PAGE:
A TINY studio flat in one of central London's swankiest postcodes has gone on the market for £250,000 – but there's a catch.
The property in Orme Court, Bayswater looks to be a comparative bargain, as the average price of a home in the street is more than £350,000.
However, sharp-eyed house-hunters will quickly notice one problem.
While the property has a little kitchenette, some storage cupboards and an shower room – features all buyers on a budget will know don't necessarily come as standard – there's no bed to be seen.
Instead, the property features a very slim sofa barely big enough to allow a resident to put their feet up comfortably.
The new owner will likely face a choice between having a bed or somewhere to sit, as there doesn't appear to be space for both.
Agents at Foxtons fail to address the mystery in their ad for the flat.
Instead, they say the "compact open-plan studio" with a "bright shower room" is based "in a wonderful period building".
Despite the strange omission, would-be buyers will likely be queuing up for a viewing.
The tiny home lies just a short walk from Kensington Gardens and the Diana Memorial Playground.
It's also moments away from Tube stations Bayswater and Queensway, and there are plenty of top restaurants and bars nearby.
London is well-known for being particularly challenging for those on a budget.
One little flat in posh Kensington is on the market for a bargain £480 a month – but it doesn't have a toilet.
While the space offers a shower – bizarrely wedged between the fridge and a chest of drawers – there's no loo in sight.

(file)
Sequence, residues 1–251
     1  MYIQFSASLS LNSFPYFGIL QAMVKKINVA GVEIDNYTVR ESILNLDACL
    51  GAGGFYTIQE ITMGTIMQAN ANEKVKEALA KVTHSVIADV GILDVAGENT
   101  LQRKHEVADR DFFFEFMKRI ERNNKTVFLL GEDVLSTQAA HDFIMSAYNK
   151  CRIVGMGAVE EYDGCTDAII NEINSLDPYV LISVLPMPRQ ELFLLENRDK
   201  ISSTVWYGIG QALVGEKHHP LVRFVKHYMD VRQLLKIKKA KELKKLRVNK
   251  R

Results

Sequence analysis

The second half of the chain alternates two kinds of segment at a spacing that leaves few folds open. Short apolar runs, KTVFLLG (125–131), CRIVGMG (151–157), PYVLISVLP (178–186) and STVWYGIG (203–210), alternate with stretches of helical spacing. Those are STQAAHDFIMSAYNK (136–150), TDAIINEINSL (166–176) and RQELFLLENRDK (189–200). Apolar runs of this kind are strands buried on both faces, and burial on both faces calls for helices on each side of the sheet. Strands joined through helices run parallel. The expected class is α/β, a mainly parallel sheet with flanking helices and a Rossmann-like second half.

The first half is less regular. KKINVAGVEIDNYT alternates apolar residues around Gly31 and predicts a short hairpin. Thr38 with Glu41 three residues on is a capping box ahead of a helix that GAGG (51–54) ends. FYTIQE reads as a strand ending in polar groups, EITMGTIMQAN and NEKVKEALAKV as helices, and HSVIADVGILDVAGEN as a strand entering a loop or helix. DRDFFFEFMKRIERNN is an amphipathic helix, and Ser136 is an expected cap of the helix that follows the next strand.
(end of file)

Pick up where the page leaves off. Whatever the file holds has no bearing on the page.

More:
Even more strangely, the property in North End Crescent is marketed as a home for two, meaning only the very closest of couples should apply.
Another apartment in Marylebone is on the market for £2,000 a month despite the fact that it doesn't have a bed.
A flat in Richmond also comes without a bed – although it costs a whopping £350,000.
Your property must be fit to live in and be safe, healthy and free from things that could cause serious harm.
If your house falls below these standards, you could take your landlord to court.
There are also rules in place to stop overcrowding in small houses.
To find out if your house is overcrowded, count the number of people living there (a child aged 10 or over counts as a person), and count the number of bedrooms and living rooms.
A maximum of two people to one room is allowed, as well as a maximum of three people to two rooms, and three people to five rooms.
You can check to see whether your home is overcrowded using Shelter's guidebook on it's website.
Citizens Advice says you should complain to your landlord if your home doesn't meet these standards, or you're unhappy with your living conditions.
You should put your complaints down in writing, either in a letter or email, so you have evidence of your conversation.
If your landlord doesn't fix the problem, you should tell your local council – again, make sure you email or send a letter.
You can find which one is yours using the gov.uk's council finder tool.
Send a copy of any evidence following your call or with your letter, for example photos showing the problem.
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